In psychology, this is called chunking. The idea is to group individual pieces of information into larger, coherent collections. Sayeth Wikipedia: “It is believed that individuals create higher order cognitive representations of the items within the chunk.” You can use these technique to more easily remember things like phone numbers, but what I care more about is that “higher order” part. If you can take a complex system and chunk it out, you gain the ability to think in a more advanced state about it. And as we know, when creating software, you need all the advanced thinking you can get.

The bricklayer wields each brick as a chunk to create the higher order structure we call a wall. You, dear software developer, can wield each software “unit” as a chunk to create the higher order structure we call an application. Let’s revisit my three-tier example, by reversing the order and adding unit tests.

  1. Update the data layer to persist and/or query what needs it [some data]. Create unit tests to ensure the data layer works.
  2. Implement some business logic for it [that data]. Use the data layer as it’s designed. Create unit tests to ensure the business logic works, mocking the data layer because it’s known to work correctly.
  3. Define the endpoint itself, with its request and response formats. Use the business logic as it’s designed. Create unit tests to ensure the endpoint works, mocking the business logic because it’s known to work correctly.

The brick analogy is stretched thinly at this point. For example, maybe the endpoint will hit the data layer directly, or maybe work on the business logic exposes problems in the data layer that need to be fixed. Still, hopefully you get the idea.

The important benefit, though, is the reduced complexity – at least on the happier paths – of steps 2 and 3. When creating the business logic, for example, the data layer is just there as a unit, with some defined usage patterns but otherwise without any further complexity to add. You can concentrate on the immediate work more easily. That’s the higher order thinking.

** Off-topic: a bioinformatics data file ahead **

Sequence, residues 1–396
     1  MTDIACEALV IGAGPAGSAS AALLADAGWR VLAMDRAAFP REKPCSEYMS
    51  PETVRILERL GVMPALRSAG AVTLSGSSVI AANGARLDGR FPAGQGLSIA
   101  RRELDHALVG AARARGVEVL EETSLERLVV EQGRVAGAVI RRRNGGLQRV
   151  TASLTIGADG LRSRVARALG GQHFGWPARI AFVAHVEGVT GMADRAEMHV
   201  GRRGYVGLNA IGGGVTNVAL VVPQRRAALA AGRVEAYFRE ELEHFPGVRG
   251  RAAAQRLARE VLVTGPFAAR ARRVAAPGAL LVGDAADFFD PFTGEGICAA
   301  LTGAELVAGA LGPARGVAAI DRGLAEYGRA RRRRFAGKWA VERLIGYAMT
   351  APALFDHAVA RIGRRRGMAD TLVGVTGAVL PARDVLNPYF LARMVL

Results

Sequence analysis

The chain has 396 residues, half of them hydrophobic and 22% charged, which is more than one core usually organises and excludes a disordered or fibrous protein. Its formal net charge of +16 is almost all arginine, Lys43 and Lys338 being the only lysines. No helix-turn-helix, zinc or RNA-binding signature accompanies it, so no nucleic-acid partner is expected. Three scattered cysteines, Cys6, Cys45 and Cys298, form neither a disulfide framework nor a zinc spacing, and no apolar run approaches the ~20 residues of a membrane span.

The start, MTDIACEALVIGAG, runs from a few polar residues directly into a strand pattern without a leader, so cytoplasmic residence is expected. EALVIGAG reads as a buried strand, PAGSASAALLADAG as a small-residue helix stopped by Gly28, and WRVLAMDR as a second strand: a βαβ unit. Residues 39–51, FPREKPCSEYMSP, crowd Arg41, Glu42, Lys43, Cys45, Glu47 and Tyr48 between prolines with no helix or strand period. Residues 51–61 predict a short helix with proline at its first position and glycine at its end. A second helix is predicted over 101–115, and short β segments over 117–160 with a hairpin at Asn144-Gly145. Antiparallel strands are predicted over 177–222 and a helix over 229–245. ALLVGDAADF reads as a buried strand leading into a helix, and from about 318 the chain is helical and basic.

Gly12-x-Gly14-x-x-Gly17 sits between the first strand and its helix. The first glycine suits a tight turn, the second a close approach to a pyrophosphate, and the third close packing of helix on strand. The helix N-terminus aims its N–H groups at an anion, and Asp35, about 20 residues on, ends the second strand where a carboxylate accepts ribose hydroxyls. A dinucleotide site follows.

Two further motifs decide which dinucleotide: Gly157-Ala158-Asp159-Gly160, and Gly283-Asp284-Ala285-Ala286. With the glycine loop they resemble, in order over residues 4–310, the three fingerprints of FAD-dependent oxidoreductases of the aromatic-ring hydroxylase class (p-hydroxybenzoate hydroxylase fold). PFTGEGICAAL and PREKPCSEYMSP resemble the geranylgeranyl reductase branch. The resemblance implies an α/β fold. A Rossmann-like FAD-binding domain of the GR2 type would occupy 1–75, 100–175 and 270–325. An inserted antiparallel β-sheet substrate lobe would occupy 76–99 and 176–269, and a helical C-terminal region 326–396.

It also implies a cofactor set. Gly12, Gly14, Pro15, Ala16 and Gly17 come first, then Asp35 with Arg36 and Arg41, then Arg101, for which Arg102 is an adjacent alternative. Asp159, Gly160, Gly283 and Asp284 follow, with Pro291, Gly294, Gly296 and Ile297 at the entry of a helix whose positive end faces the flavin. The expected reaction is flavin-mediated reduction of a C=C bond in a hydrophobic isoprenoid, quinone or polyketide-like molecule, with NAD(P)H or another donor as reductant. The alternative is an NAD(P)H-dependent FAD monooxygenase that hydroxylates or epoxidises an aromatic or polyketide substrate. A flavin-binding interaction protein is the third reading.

The feature of software that enables this to work, as you may have guessed by now, is encapsulation. A well-designed, encapsulated software unit hides its internals and has a carefully tailored interface. Among other benefits, this makes it easier for users of the unit to create a chunk of the unit, which may as well be a good definition for “ease of use”.

The authors of the book Individual and Social Influences on Professional Learning: Supporting the Acquisition and Maintenance of Expertise, which I totally didn’t find by just googling for “chunking memory encapsulation”, talk about this.

Encapsulation is closely related to chunking processes that have been identified many years ago as crucial components of expertise. Experts reorganise their knowledge according to domain-specific principles so that larger meaningful units emerge. When encountering new domain-specific problems, experts, thus, are able to perceive larger information units, and they extract relevant information quicker than novices.

Sound good? Ready for some higher-order, expert-level thinking? Well, you know what to do, which is what you should have been doing all along: write those unit tests!